What can a machine tell us about sports?
Machines don’t feel. They don’t comprehend, they don’t react, they don’t compete and they don’t understand. They do only what we allow them to do. So how is it that we allow them to do so much more than we might be able to do ourselves?
When it comes to sports, its easy to resist the urge to “crunch numbers” in order to predict or understand events. We think of sports as such a human affair – really knowing a sport requires understanding the rules, the history, the key concepts and goals associated with each game. In the course of any sporting event there are strategies playing out, injuries taking place, character being tested, and large amounts of creative juices flowing as us humans attempt to triumph over one another, or even over ourselves.
I get it, trust me. We aren’t numbers, sports aren’t algorithms. There is an element of sport that will forever be impenetrably and inextricably bound by a vale of the truly magical, the unexpected and the seemingly impossible. This allure is what draws us in and makes us so fanatically obsessed with sports. The obsession can grow to the point that it we feel compelled to place that which we hold most sacred (cold hard cash, obviously) on the line in the hopes that we might be better than the next guy at understanding all these wonderful dynamics, and be able to profit by predicting how they play out. You see, my friends, there’s money to be made in predicting the outcome of ‘sport’. And where there’s money to be made, some nerd like myself will try to find a way to use computers to make it.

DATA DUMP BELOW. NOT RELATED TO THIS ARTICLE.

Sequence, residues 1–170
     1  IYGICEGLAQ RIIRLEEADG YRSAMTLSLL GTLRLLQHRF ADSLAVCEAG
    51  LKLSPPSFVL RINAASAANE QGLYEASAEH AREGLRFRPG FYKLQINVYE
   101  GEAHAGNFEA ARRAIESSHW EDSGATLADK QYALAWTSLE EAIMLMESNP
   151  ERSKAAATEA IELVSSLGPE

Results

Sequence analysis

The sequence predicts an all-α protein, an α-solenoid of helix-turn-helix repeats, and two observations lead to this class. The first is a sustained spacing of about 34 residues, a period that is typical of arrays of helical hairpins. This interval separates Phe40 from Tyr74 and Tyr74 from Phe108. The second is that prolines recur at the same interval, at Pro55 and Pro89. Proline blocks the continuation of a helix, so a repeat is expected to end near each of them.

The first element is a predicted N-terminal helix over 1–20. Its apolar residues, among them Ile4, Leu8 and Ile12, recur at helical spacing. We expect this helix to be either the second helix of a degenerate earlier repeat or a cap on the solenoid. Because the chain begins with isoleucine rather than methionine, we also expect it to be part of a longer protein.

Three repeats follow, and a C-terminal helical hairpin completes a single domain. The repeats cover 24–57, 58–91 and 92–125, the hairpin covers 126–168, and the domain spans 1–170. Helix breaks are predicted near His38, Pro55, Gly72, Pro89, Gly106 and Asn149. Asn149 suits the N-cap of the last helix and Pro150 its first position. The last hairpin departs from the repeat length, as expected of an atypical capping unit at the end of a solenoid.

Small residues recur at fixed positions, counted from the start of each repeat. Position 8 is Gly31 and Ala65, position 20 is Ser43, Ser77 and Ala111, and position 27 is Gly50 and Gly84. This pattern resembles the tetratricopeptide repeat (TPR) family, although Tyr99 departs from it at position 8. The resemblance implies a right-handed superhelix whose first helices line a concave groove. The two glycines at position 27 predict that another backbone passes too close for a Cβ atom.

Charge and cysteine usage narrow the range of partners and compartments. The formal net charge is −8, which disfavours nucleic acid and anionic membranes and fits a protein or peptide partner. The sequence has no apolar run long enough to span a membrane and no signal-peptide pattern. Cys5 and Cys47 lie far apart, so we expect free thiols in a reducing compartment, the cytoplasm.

Thus the purpose of this blog and the topic of this first post. I want to share with all those who will take notice the predictions I’m making about sports (particularly football, but when football season is over I’ll turn my attention towards golf). I’m using the most advanced methods available, with custom algorithms and curated data sets, looking at unique variables I’ve concocted over these last few years, to produce what I consider to be the most accurate predictions for team and individual performance in the NFL ever to be put into a blog and given freely to the public.
In short – and as idiotic as this sounds – I think I can beat the odds makers. Correction: I have evidence that I can beat the odds makers. I know I can help your fantasy football teams. As the saying goes – the proof is in the pudding. So I’m laying out a big hot steamy pile of fresh pudding for everyone to see, touch, and taste week after week, till their stomachs hurt from all the rich puddingly-goodness. Once a post is made, it will not be altered. Each week I will review my picks, and try to explain where the algorithms went wrong, and what it got right. At the end of the season I hope to have a chain of blog posts which testifies to the effectiveness (or lack thereof) of advanced algorithmic approaches to predicting sports outcomes. Without further ado – let the games begin.
The following are all projected outcomes, against the spread, for the week 11 NFL match-ups: